When reviewing applications for marketing approval, the authority often identifies the need for additional information to be able to decide on whether the product in question should be allowed for marketing and use in the country or not. In such cases, the authority will require the applicant to provide additional descriptive information and nonclinical or clinical performance data. When sending these requests, the authority will follow the least burdensome approach by ensuring that the information and data requested are reasonably necessary to complete the review. According to the Deficiencies Guidance, in these requests, the authority should:
- Acknowledge information submitted;
- Explain why it is not adequate to address the issue;
- Explain the relevance of the request to the marketing submission decision; and
- Explicitly request information.
Such an approach should be applied, inter alia, concerning 510(k) submissions. When reviewing such submissions, the authority should assess the information provided first. Usually, clinical data is to be requested in cases when descriptive information and nonclinical data provided to the FDA are not sufficient to assess all the important matters related to the safety and effectiveness of a medical device subject to review. In this respect, the authority also refers to the guidance document The 510(k) Program: Evaluating Substantial Equivalence in Premarket Notifications.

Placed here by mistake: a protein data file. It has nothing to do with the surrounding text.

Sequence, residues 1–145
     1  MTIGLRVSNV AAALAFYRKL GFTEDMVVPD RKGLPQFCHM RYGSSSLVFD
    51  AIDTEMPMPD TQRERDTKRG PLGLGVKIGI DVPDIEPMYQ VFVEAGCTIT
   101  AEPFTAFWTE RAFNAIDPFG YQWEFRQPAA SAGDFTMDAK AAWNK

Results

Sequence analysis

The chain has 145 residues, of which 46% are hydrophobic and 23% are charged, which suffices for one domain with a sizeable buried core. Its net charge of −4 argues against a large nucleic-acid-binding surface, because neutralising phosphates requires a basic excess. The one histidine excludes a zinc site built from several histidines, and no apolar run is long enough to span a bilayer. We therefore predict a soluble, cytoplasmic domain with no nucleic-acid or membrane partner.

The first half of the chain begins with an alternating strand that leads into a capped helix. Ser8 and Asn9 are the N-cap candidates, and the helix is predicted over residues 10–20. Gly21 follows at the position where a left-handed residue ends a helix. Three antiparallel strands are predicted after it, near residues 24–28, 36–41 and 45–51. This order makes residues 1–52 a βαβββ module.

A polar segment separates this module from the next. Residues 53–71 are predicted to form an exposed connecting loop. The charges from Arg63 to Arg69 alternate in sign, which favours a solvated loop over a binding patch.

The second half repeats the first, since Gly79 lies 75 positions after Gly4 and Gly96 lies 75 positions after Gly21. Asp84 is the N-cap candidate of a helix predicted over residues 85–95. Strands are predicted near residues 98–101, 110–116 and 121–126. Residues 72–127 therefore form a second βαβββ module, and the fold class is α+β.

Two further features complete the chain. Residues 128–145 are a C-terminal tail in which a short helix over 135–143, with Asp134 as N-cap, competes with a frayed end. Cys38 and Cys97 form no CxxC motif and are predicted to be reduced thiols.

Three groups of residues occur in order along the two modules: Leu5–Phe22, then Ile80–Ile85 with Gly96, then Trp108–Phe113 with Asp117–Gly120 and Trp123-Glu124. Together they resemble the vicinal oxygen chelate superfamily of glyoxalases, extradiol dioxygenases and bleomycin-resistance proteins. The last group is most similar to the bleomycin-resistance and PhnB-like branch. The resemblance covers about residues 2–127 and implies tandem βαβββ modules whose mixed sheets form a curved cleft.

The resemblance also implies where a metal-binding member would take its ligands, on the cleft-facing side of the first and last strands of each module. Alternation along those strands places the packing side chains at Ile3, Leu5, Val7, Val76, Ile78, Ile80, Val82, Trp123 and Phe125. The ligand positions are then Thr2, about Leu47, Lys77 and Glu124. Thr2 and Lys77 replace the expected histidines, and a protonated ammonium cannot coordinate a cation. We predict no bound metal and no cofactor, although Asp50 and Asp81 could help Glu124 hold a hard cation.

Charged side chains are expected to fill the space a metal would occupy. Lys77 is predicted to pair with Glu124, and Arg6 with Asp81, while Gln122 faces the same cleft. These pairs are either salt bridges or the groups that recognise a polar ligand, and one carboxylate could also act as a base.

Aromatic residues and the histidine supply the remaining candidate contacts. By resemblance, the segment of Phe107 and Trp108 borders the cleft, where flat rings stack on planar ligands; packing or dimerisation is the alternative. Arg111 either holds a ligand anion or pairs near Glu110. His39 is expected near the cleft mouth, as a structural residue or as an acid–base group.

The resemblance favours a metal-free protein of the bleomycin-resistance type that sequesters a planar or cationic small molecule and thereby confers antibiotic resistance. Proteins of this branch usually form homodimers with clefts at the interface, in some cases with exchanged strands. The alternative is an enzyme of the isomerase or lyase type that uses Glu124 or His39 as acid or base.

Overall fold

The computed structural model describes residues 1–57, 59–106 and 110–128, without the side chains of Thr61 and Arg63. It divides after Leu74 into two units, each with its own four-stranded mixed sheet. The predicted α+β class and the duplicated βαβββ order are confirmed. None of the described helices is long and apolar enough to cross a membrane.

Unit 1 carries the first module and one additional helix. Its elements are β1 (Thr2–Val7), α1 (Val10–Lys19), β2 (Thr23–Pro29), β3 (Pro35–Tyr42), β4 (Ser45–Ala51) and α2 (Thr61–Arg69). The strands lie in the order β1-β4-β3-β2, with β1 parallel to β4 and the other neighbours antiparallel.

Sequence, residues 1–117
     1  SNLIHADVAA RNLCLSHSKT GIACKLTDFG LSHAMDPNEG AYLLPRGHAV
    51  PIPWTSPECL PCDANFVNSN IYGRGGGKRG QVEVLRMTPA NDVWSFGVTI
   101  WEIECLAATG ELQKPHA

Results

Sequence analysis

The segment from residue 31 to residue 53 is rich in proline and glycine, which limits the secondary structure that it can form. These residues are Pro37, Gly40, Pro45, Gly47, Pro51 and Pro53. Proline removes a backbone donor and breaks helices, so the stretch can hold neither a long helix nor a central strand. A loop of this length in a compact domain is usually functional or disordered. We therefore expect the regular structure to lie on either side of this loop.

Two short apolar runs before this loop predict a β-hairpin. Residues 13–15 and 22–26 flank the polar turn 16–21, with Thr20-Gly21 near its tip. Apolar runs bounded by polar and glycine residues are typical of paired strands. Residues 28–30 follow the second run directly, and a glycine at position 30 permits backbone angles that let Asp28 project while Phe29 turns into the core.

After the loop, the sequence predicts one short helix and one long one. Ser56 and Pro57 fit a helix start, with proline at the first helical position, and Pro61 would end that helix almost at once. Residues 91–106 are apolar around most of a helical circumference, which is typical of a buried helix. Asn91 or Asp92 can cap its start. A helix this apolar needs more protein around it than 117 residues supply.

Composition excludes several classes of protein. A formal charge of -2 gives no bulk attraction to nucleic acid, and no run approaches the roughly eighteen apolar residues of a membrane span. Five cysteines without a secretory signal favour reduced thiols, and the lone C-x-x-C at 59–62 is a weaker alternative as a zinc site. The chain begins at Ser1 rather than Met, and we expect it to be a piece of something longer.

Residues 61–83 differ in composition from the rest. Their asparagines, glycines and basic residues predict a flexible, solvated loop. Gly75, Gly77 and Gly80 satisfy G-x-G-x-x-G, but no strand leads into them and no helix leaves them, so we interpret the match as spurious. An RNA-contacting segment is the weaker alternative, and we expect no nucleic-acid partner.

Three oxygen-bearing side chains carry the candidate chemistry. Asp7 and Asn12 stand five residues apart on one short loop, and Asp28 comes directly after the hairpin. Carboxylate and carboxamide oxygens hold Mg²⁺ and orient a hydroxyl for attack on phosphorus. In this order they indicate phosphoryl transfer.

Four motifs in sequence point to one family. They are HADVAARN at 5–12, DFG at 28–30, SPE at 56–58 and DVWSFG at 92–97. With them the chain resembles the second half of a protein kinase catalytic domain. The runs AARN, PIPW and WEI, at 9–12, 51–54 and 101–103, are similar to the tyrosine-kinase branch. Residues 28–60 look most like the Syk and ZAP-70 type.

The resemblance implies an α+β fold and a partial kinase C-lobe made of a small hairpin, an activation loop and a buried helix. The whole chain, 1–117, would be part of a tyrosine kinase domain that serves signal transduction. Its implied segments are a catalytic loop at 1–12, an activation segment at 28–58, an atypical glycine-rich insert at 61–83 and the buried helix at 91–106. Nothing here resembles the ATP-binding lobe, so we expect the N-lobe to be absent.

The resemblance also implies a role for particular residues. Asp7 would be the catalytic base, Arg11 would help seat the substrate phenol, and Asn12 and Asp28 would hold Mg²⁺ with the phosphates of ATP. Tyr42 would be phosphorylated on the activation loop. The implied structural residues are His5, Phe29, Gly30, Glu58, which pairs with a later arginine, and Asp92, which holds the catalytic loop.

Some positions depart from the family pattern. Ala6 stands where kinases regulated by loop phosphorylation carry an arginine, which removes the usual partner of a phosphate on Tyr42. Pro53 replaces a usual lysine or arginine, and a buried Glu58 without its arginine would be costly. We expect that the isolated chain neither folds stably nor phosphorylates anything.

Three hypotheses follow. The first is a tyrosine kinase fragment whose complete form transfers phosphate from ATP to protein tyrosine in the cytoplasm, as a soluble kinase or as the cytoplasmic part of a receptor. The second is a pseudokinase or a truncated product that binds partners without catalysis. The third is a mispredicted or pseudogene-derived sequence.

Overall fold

Acceptance of Alternative Approaches
As it was mentioned before, alternative approaches could be also considered, provided their application is reasonable in terms of reduction of the regulatory burden while ensuring all the important safety- and performance-related aspects are duly addressed.
For instance, such an approach is often applied in case of a premarket review of a novel medical device – in this case, both the authority and the applicant should be flexible in determining the approaches to be applied. For example, they may agree to use justifications instead of additional data.
The document further explains the way the least burdensome approach could be applied in terms of biocompatibility-related matters.
Another application of alternative approaches relates to labeling. Under the general rule, when applying for marketing approval, the interested party (the applicant) should provide the samples of labeling to be used for the device when placed on the market including the indications for use (IFU). The least burdensome approach provides that if a labeling statement or proposed IFU is not supported by the submitted evidence and would otherwise result in an adverse decision, such as a not substantially equivalent determination for a 510(k), FDA staff and industry should discuss both (1) a labeling statement or an IFU, if any, that can be supported by the information submitted to FDA, and (2) the minimum information that would support the sought-after labeling statement or IFU.
In summary, the present FDA guidance describes the way the least burdensome approach could be applied concerning information and data used to substantiate the claims made by the medical device manufacturer and demonstrate compliance with the applicable regulatory requirements. The document provides additional clarifications regarding the use of various sources of data and explains the way the regulatory burden associated thereto could be reduced while ensuring the safety and effectiveness of medical devices.